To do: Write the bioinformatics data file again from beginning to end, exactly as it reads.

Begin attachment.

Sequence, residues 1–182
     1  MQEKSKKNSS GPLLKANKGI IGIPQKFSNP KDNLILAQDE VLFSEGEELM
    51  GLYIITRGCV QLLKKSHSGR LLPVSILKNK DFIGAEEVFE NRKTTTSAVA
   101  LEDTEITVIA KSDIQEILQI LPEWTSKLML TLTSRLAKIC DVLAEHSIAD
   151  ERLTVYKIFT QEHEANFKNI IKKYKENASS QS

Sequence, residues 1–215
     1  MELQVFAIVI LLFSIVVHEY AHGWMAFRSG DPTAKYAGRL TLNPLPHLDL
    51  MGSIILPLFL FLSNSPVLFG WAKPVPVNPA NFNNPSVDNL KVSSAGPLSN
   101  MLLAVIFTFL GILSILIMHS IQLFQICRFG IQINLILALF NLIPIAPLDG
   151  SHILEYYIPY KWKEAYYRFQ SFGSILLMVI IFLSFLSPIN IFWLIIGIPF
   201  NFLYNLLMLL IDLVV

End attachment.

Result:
Sequence, residues 1–182
     1  MQEKSKKNSS GPLLKANKGI IGIPQKFSNP KDNLILAQDE VLFSEGEELM
    51  GLYIITRGCV QLLKKSHSGR LLPVSILKNK DFIGAEEVFE NRKTTTSAVA
   101  LEDTEITVIA KSDIQEILQI LPEWTSKLML TLTSRLAKIC DVLAEHSIAD
   151  ERLTVYKIFT QEHEANFKNI IKKYKENASS QS

Sequence, residues 1–215
     1  MELQVFAIVI LLFSIVVHEY AHGWMAFRSG DPTAKYAGRL TLNPLPHLDL
    51  MGSIILPLFL FLSNSPVLFG WAKPVPVNPA NFNNPSVDNL KVSSAGPLSN
   101  MLLAVIFTFL GILSILIMHS IQLFQICRFG IQINLILALF NLIPIAPLDG
   151  SHILEYYIPY KWKEAYYRFQ SFGSILLMVI IFLSFLSPIN IFWLIIGIPF
   201  NFLYNLLMLL IDLVV